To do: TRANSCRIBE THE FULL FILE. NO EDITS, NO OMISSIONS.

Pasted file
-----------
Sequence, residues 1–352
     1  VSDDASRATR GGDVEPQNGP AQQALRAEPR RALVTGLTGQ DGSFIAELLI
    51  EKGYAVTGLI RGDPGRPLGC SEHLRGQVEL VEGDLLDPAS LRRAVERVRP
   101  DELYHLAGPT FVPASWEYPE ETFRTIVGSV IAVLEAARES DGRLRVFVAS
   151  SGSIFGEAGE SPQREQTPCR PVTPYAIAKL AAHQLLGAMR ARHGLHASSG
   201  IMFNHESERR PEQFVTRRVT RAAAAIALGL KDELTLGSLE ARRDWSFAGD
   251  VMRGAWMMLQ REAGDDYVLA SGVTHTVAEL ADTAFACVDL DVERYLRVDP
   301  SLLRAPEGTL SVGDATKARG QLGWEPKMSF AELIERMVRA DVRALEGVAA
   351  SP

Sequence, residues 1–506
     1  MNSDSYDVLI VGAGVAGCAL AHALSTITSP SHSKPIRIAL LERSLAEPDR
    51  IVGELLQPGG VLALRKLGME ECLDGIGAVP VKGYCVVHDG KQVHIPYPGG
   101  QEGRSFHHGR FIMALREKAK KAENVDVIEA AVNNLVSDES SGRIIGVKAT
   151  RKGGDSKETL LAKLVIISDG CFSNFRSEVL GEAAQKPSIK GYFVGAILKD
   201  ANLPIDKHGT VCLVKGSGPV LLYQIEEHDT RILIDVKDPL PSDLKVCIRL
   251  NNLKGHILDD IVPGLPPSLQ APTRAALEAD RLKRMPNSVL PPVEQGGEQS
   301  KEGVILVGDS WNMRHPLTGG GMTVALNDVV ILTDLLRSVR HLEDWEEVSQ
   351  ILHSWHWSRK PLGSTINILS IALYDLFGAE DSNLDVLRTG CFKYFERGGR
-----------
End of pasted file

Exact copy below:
Sequence, residues 1–352
     1  VSDDASRATR GGDVEPQNGP AQQALRAEPR RALVTGLTGQ DGSFIAELLI
    51  EKGYAVTGLI RGDPGRPLGC SEHLRGQVEL VEGDLLDPAS LRRAVERVRP
   101  DELYHLAGPT FVPASWEYPE ETFRTIVGSV IAVLEAARES DGRLRVFVAS
   151  SGSIFGEAGE SPQREQTPCR PVTPYAIAKL AAHQLLGAMR ARHGLHASSG
   201  IMFNHESERR PEQFVTRRVT RAAAAIALGL KDELTLGSLE ARRDWSFAGD
   251  VMRGAWMMLQ REAGDDYVLA SGVTHTVAEL ADTAFACVDL DVERYLRVDP
   301  SLLRAPEGTL SVGDATKARG QLGWEPKMSF AELIERMVRA DVRALEGVAA
   351  SP

Sequence, residues 1–506
     1  MNSDSYDVLI VGAGVAGCAL AHALSTITSP SHSKPIRIAL LERSLAEPDR
    51  IVGELLQPGG VLALRKLGME ECLDGIGAVP VKGYCVVHDG KQVHIPYPGG
   101  QEGRSFHHGR FIMALREKAK KAENVDVIEA AVNNLVSDES SGRIIGVKAT
   151  RKGGDSKETL LAKLVIISDG CFSNFRSEVL GEAAQKPSIK GYFVGAILKD
   201  ANLPIDKHGT VCLVKGSGPV LLYQIEEHDT RILIDVKDPL PSDLKVCIRL
   251  NNLKGHILDD IVPGLPPSLQ APTRAALEAD RLKRMPNSVL PPVEQGGEQS
   301  KEGVILVGDS WNMRHPLTGG GMTVALNDVV ILTDLLRSVR HLEDWEEVSQ
   351  ILHSWHWSRK PLGSTINILS IALYDLFGAE DSNLDVLRTG CFKYFERGGR